“I may be unworthy of it but I pledge you my honor—I will not let you down.”

The Promise of a Fair Future

His audience was warming up. Their sweaty faces glowed red in the longevening sunlight.

The little man in the campaignweary blue serge suit with the wrinkled pinstripe, talked on, chopping and slashing at the stifling air with his mike-free hand. He told them how sorry he was that their fellow townsman, the Liberal candidate for the riding in the provincial election, had been defeated. But he pointed out that there was “still a chance to get on the winning side—the Liberal side” in the forthcoming federal election.)

And then he got to the heart of the matter—the bridge across the narrow salt-water gut that separates the people of Placentia from the settlement

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across the way, known as Jersey Side.

Joey reminded them that bridging the gut was a dream born in the hearts of their forefathers before anyone in the room was alive. He recalled telling their ill-fated provincial candidate that the bridge would be forthcoming should he win the riding, and he had lost.

“But how can I come here to this warm reception,” he asked as tension mounted in the hall until the place was almost radioactive, “and not give you my assurance that win, lose or draw in this next election—please God—we will put the bridge there, and span the gut!”

The cheering within and without the hall must have echoed upward to bounce among the ruins of the French forts and startle the ghosts of weary warriors. And that didn’t end it: there was still to repeat once again the confederation story, explaining which matters are the concern of the federal government and which the concern of the provincial. (“This is a black cat, not a white cat . . .”)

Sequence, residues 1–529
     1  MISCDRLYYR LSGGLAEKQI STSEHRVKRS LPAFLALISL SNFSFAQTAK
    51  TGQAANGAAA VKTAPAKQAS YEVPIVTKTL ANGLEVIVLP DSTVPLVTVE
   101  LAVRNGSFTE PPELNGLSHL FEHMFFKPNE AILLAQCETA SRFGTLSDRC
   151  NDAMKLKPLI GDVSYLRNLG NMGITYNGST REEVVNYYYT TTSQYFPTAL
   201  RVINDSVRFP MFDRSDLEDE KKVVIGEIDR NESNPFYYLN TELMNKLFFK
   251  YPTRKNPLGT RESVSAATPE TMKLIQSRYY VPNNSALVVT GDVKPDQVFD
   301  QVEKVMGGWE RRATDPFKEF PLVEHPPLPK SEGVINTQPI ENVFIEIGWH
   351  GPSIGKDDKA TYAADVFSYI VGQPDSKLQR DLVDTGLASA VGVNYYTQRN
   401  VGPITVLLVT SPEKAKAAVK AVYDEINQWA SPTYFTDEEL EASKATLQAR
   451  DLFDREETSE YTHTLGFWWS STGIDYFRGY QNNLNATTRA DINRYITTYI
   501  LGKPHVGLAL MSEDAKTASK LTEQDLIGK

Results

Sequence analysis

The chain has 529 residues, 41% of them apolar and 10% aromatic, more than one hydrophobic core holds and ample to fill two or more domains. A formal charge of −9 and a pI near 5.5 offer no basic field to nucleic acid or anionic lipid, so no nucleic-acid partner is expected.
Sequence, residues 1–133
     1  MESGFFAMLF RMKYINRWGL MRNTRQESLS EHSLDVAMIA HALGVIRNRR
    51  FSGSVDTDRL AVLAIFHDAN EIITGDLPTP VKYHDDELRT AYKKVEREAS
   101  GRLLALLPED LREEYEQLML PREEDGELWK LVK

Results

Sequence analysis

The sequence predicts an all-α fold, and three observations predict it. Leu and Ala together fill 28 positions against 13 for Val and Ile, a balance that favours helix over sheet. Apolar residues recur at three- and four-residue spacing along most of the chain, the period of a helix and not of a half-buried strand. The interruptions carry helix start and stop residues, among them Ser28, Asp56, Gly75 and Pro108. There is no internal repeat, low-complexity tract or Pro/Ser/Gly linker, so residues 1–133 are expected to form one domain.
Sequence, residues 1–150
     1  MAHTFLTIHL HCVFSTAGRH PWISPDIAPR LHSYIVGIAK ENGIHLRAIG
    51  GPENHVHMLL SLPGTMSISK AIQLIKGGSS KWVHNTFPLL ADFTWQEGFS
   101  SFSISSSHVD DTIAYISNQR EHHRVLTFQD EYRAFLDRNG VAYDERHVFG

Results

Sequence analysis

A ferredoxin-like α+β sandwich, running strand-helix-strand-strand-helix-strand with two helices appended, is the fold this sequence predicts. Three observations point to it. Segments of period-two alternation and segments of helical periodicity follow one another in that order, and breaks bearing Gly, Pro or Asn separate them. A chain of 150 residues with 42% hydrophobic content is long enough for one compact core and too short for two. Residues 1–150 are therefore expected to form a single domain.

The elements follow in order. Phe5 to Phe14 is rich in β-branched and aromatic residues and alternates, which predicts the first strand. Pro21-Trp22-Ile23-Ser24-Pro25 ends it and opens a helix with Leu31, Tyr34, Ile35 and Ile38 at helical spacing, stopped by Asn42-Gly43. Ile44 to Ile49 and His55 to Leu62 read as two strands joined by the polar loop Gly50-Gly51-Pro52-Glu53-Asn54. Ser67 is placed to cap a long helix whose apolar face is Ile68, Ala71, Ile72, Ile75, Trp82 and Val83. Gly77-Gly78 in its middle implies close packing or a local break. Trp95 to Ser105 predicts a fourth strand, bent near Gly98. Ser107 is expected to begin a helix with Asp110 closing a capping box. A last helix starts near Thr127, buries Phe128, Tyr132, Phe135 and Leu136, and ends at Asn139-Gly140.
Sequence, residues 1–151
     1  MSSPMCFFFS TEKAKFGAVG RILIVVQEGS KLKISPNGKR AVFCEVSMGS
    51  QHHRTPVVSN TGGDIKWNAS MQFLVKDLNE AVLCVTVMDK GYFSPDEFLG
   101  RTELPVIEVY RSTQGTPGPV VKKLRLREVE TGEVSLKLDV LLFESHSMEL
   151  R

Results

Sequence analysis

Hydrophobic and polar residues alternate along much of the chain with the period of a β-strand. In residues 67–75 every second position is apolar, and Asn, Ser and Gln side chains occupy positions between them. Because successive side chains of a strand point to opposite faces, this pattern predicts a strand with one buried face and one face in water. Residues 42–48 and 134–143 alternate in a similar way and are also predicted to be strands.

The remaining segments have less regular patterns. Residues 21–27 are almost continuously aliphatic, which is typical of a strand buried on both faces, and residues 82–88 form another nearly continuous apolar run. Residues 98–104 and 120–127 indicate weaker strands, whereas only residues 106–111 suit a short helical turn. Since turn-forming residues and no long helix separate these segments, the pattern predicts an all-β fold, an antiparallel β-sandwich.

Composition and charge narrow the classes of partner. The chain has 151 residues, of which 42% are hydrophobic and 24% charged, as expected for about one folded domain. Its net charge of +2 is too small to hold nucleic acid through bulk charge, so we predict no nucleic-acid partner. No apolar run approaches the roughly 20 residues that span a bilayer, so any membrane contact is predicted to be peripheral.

Through it all ran the promise of a future in which the basic securities of life would be underwritten by the new land of which their country had now become a part—securities guaranteed as they never had been before to these people, come feast, come famine, come depression, come disaster at sea.

That Deft Smallwood Touch

To illustrate how Newfoundlanders had for centuries toiled their lives away hoping for no more than this, he stopped in full tilt to stretch a hand toward a white-headed old man in the front row.

“You, sir,” he said courteously, leaning forward, “you know what it is to have toiled your life away for your loved ones. Why, you must be in your seventies, sir—”

“Eighty-one,” came a determined croak from the bent figure close to the platform.

Joe straightened abruptly, stared his whole audience full in the face and raised his arms in a gesture of disbelief.

“Eighty-one!” He echoed the words quietly but in italics, his voice filled with simple awe and wonderment.

And somehow, just in the way he said it, that simple fact became a splendid shining thing in the reflection of which the ancient citadel of Placentia took on new honor, the brave and rugged island of Newfoundland acquired a finer heritage, Canada herself grew in stature another cubit.

It was all over a moment later, with cheering and horn honking and laughing and back slapping and old ladies and little children being led up the aisle “to shake Mr. Smallwood’s hand.”

The woman who knew everybody in the hall by name was sizable, hearty and Irish, and as she kept the line moving she looked around at a visitor and exclaimed hugely, “Isn’t he wonderful, our Joey?” it